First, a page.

Way, way back, even before he joined us here at Patriactionary, ElectricAngel recommended, for us Patriactionaries and our fellow travellers, three books written by Catholic writer John Zmirak, one of them being “The Bad Catholic’s Guide to the Seven Deadly Sins”. More recently, he repeated to me his recommendation of that one, and offered to buy me a copy, in exchange for me doing a book review on it, to which I agreed.
As ElectricAngel pointed out, “The Bad Catholic’s Guide to the Seven Deadly Sins” is a compilation of Zmirak’s columns for Crisis Magazine. The subject matter is indeed the ‘seven deadly sins’ (lust, wrath, gluttony, greed, sloth, vainglory, and envy), but also, paired with each of them, the contrary ‘seven virtues’ (chastity, patience, temperance, generosity, diligence, humility, and magnanimity), which are not, as Zmirak points out in his introduction, opposites of the vices, but midpoints between opposite ‘neuroses’, as we might label them; for example, the opposite of vice is not chastity, but rather frigidity, while chastity is a balanced, moderate path that allows for healthy expression of sexuality within the God-ordained confines of marriage, rather than either extreme of, on the one hand, unbridled hedonism, or on the other hand, ascetic-like denial even within marriage, in which someone afraid of their sexuality to the point of ‘frigidity’ can rightly be accused of engaging. (The seven neuroses Zmirak names as frigidity, servility, insensibility, prodigality, fanaticism, scrupulosity, and pusillanimity.)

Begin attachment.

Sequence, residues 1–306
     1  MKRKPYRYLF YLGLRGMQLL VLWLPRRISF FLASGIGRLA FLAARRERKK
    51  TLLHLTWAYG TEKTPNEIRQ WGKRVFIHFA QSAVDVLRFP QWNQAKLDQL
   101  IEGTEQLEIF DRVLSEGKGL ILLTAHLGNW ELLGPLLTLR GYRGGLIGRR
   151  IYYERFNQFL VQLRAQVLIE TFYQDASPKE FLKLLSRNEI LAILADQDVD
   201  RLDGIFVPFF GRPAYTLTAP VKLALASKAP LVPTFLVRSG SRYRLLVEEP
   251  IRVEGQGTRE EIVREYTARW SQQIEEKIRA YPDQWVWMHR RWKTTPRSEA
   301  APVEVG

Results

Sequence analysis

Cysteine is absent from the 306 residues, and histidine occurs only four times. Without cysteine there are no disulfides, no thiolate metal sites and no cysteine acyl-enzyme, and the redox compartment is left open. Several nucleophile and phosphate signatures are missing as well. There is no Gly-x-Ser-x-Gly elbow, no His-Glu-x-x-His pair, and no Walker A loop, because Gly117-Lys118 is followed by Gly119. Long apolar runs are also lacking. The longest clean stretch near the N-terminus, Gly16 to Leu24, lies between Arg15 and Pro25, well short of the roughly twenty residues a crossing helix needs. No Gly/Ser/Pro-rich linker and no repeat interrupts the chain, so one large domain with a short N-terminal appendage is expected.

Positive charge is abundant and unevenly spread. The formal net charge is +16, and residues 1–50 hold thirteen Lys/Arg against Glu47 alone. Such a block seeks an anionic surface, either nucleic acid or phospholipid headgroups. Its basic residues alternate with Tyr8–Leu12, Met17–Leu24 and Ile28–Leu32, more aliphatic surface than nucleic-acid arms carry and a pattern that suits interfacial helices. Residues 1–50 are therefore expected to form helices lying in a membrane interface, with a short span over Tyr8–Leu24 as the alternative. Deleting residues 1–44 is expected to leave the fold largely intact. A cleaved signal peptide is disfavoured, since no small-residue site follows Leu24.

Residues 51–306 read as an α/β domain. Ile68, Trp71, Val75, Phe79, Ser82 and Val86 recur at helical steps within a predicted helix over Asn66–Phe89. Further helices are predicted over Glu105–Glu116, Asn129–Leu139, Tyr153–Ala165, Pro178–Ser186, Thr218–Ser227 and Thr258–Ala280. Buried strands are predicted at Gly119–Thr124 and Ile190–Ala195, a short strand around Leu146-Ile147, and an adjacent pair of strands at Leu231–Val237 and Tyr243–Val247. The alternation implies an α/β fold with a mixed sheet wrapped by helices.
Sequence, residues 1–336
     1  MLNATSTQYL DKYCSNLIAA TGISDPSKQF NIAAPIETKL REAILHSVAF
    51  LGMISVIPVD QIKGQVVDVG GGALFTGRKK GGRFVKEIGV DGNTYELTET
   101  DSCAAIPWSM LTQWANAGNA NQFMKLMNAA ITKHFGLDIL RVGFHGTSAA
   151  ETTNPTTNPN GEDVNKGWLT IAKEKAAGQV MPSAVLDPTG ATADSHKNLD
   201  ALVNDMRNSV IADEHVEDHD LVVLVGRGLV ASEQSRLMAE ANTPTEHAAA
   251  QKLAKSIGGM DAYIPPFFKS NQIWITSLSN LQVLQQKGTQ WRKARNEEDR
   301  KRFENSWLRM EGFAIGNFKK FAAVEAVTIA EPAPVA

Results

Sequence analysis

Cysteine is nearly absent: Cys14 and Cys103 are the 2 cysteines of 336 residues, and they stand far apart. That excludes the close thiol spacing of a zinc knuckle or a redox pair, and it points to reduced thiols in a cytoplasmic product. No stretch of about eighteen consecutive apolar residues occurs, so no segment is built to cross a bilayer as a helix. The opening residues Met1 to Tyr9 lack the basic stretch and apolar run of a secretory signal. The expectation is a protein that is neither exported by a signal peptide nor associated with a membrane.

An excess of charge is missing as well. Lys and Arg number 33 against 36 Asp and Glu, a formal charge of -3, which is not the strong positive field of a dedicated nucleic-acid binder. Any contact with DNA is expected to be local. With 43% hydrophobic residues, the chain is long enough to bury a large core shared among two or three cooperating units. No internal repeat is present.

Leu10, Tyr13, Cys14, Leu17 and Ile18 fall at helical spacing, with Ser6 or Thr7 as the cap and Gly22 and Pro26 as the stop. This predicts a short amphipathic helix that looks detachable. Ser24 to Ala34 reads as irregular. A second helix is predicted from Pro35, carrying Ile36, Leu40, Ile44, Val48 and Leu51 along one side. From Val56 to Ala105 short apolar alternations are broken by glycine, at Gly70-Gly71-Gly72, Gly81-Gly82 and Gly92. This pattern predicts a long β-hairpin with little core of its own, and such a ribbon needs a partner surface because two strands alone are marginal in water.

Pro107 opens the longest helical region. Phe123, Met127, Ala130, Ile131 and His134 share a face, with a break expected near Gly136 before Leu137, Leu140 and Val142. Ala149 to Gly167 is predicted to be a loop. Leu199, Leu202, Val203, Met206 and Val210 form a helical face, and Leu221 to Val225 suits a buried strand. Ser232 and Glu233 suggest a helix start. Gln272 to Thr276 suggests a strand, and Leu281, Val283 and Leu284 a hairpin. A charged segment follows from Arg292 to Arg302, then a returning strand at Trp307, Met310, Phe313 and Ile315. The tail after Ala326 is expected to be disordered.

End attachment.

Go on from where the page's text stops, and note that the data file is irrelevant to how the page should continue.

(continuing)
So Zmirak pairs each chapter discussing a particular vice, with one discussing the contrary virtue (and some discussion of the extremes in going too far the other way, as well). At the end of each second chapter, he offers a quiz for self-examination, and offers some suggestions for those finding themselves struggling with the vice in question, strategies for fighting such tendencies.
Zmirak is a witty New Yorker, full of wisecracks and great stories, and his book does read like a collection of magazine articles – and I mean that as a compliment, in that the reading flows easily and briskly, but is also stimulating and thought-provoking – and convicting, as his anecdotes will awaken recognition in oneself, of one’s own failings. But this is not a gloomy tome; rather, it manages to maintain a fairly cheerful tone throughout, notwithstanding its detailings of much ugliness. And throughout, Zmirak’s great sense of humour is on display.
I read through this book in basically two sittings, and I enjoyed it very much. The appendices at the end contain excerpts from his two other books, respectively, which look to be as much fun as this one was.
Now, Zmirak’s audience is mostly fellow traditionalist Roman Catholics like himself, but there really isn’t much in here that I found particularly objectionable, as a Protestant, brushing aside some Team Rome partisanship, same as I do when I read Chesterton, for instance. And while we Protestants may not make official distinctions between different kinds of sin, we certainly condemn the vices of lust, wrath, gluttony, greed, sloth, vainglory, and envy just as much as Catholics do, and also would encourage the virtues of chastity, patience, temperance, generosity, diligence, humility, and magnanimity. So I certainly recommend “The Bad Catholic’s Guide to the Seven Deadly Sins” to fellow traditionalist Christians of all stripes, whether Roman Catholic, Protestant, or Eastern Orthodox.